New research from Forrester shows that while the poor economy has delayed some upgrades to Microsoft Office 2007, most enterprises are sticking with some version of Microsoft's productivity suite over alternatives such as Google Apps.
In a recent survey of 152 IT decision-makers at companies of all sizes, nearly 92 percent are supporting either Office 2007 or Office 2003 or earlier. Only 3.3 percent use Google Apps; 2.6 percent use Sun StarOffice 8 or 9; and 1.9 percent use Lotus Symphony.
"The bottom line is that Microsoft Office works, and it works really well for most companies - maybe almost too well for those still using 2003 or earlier," says Forrester analyst Sheri McLeish.
According to Forrester's data, a large majority of companies surveyed have plans to upgrade to Office 2007, with 14 percent planning to do so in the next six months, 27 percent in the next year and 26 percent in the next two years.
The primary drivers for upgrading Office suites are that business needs demand new or different tool support (34.2 percent) and also that companies' current tools are no longer supported (23.7 percent) or are no longer compatible with external partners (15.8 percent).
At the same time, many of these plans to upgrade Microsoft Office have been delayed by the economic downturn. When asked how current economic conditions have affected Office upgrade plans, 38.2 percent of respondents said the economy has delayed plans and 5.3 percent said it has halted plans.
The report adds that next year companies will probably start making plans for either upgrading to Office 2010 or go with an alternative, particularly if they are running older versions of Office.
The report states: "Firms on older versions need to better understand their information workers' needs around productivity apps to guide licensing and consideration of Office alternatives."
But despite the pressure on cash-strapped IT departments in a recession, few said they are planning for cheaper alternatives to Microsoft Office, likely because of the legacy and interoperability of Office, says McLeish. A whopping 78.4 percent of survey respondents have no plans to implement non-Office applications.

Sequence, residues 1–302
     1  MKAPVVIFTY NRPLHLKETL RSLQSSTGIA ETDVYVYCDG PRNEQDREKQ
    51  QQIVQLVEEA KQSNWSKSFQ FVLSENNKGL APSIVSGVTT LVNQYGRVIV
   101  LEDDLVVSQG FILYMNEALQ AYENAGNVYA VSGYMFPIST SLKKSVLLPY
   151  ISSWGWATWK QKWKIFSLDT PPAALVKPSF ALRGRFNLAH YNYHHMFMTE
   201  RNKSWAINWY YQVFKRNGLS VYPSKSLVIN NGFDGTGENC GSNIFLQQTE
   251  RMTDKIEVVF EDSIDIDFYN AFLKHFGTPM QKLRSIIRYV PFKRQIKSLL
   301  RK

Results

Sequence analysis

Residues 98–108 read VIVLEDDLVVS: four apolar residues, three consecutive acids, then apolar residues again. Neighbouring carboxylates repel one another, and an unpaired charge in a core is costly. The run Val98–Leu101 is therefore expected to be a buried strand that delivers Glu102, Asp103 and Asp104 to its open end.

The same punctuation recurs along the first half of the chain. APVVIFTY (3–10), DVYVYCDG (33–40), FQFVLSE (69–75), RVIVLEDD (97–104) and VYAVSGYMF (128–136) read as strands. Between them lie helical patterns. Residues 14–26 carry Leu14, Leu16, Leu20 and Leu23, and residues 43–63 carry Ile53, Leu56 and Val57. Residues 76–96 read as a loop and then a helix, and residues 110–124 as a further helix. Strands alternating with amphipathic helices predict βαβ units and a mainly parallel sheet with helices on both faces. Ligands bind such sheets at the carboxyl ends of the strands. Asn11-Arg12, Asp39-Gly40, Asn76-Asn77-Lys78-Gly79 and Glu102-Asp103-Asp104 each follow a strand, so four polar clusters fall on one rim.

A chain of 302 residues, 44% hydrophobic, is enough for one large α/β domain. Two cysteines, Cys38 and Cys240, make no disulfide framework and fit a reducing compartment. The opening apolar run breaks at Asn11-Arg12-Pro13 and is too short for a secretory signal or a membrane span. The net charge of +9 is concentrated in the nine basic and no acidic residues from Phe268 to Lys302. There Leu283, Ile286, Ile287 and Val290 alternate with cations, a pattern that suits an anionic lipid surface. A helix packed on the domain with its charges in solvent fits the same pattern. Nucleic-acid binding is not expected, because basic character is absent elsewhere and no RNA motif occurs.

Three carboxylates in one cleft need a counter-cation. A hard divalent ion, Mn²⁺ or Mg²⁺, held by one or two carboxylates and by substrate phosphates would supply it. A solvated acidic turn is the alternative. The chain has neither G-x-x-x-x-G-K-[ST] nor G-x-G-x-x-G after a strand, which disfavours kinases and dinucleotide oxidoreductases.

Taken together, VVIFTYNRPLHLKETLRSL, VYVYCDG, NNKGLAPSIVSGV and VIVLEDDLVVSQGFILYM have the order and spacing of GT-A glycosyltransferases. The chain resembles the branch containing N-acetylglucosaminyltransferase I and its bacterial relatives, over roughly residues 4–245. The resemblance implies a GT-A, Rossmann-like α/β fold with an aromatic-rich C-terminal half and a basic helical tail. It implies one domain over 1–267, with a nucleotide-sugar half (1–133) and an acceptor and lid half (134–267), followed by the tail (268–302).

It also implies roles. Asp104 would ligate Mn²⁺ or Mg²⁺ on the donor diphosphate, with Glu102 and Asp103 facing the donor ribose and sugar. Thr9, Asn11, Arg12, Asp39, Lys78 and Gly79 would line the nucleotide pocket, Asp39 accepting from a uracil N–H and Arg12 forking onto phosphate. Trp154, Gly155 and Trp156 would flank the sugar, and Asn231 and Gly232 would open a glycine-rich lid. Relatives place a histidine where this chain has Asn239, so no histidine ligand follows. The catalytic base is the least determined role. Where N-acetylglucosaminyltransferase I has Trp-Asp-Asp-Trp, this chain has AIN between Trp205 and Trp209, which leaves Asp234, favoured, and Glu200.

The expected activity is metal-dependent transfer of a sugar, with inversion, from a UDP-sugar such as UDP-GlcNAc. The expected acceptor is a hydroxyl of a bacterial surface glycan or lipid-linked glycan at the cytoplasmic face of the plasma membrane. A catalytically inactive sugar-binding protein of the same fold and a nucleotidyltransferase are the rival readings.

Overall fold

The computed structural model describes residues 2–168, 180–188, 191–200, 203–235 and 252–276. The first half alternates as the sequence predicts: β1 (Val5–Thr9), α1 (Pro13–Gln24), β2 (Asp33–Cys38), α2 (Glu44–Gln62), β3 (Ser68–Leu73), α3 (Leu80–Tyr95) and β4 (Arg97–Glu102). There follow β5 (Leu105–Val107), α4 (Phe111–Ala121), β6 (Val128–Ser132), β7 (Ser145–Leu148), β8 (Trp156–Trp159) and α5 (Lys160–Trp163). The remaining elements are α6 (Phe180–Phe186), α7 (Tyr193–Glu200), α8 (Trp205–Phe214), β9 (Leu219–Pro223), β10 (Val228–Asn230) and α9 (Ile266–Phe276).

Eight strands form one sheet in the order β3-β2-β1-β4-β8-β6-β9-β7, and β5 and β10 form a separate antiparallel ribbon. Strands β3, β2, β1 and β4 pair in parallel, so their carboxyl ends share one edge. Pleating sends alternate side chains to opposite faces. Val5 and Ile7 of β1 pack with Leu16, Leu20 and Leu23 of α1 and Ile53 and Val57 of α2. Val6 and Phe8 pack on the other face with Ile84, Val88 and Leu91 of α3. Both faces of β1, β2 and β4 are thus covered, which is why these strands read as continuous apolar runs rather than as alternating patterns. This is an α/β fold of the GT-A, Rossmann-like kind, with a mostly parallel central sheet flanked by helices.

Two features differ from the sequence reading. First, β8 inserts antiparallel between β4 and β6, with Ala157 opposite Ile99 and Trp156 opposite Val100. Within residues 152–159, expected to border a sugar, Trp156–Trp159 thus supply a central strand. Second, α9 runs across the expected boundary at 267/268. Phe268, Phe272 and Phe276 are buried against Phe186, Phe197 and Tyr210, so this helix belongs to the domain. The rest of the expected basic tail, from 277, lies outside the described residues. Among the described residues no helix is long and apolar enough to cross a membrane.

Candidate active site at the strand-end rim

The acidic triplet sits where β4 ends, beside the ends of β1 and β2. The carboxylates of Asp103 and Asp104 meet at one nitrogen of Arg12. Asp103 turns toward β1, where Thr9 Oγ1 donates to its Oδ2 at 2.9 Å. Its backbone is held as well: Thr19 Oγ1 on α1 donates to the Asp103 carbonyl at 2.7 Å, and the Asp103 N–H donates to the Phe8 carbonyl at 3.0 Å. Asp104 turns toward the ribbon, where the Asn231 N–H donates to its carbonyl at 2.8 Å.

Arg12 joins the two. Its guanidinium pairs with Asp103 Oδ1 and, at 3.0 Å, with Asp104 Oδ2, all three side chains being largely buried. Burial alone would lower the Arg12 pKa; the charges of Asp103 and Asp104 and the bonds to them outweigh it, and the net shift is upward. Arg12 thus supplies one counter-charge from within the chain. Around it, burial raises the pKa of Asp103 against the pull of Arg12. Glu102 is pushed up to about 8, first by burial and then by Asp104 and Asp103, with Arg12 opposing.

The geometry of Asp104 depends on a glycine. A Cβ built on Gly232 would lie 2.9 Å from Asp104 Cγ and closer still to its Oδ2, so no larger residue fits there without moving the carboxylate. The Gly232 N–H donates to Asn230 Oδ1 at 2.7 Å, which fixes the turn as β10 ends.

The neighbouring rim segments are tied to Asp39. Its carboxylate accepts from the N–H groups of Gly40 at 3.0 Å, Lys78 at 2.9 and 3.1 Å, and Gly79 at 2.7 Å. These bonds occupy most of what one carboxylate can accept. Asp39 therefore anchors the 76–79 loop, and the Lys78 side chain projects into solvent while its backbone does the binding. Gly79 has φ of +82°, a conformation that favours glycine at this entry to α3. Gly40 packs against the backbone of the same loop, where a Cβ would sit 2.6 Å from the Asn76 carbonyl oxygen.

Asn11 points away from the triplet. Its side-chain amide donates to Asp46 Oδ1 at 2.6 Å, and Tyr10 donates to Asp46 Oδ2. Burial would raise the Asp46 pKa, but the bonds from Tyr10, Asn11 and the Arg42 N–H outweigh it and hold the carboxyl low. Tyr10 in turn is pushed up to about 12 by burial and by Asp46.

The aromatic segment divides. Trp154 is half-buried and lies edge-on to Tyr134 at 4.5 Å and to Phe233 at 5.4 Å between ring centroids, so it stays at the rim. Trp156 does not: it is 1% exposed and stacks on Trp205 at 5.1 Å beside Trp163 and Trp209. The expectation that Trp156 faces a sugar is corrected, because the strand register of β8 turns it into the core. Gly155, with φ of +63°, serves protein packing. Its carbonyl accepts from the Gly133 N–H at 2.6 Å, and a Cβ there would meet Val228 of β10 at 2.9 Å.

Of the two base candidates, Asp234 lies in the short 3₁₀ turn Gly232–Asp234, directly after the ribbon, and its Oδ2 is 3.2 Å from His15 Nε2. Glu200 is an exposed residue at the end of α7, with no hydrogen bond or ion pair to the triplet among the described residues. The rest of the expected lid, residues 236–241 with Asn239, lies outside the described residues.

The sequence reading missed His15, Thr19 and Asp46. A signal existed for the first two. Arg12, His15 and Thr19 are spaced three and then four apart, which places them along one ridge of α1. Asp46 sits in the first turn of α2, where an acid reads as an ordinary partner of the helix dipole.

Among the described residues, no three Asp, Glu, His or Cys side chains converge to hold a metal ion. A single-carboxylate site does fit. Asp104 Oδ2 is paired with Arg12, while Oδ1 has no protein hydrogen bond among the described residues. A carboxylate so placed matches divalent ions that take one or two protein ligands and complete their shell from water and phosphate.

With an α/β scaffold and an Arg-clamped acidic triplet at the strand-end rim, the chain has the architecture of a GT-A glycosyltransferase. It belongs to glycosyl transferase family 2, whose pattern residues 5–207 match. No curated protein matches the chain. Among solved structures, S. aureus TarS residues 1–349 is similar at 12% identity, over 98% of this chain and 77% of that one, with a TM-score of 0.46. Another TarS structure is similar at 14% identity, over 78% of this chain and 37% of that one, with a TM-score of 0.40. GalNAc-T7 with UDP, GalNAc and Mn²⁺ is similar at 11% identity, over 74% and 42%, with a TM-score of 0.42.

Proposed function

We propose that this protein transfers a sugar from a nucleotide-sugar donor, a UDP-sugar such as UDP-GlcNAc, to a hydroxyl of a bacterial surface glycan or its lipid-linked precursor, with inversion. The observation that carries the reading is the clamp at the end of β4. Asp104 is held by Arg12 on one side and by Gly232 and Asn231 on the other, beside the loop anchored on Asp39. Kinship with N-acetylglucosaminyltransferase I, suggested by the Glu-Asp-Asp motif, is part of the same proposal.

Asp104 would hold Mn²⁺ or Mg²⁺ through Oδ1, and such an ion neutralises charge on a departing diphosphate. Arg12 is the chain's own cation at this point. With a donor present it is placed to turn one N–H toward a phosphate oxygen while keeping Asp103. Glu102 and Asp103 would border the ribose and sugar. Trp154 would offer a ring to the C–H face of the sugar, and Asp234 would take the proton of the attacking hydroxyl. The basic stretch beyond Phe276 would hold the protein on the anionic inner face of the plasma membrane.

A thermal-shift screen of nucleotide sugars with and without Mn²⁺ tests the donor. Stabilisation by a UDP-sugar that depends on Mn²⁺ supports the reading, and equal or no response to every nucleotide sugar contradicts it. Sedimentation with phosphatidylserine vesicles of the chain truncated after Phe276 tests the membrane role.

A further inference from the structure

What's worse is those companies that do use Office alternatives are not all that satisfied. In a satisfaction section of the survey with a scale of one to five (five being "extremely satisfied"), 29 percent of those using Office alternatives reported a 2, and 43 percent reported a 3.
McLeish admits that she hasn't ruled out Office alternatives for enterprises. They continue to face cost pressures and may be lured by alternatives that are cheaper and have similar or better features than Office.
In fact, when asked what would compel their organizations to move to an alternative desktop productivity suite, 62 percent of respondents answered, "Lower license cost with similar functionality."
"The future of Office alternatives depends on bringing truly compelling innovation along with lower costs for enterprises," says McLeish. "The Google Wave offers a glimmer, but its role with Google Apps is anyone's guess."
Do not expect Microsoft to give Office alternatives an inch as it prepares to release Windows 7 and Office 2010, says McLeish.
"Microsoft isn't sitting back. There's a lot of anticipation for Windows 7 and Office 2010; firms that have been slow to upgrade are thinking about their roadmaps."
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This story, "Office: If it Ain't Broke, Why Fix it?" was originally published by CIO.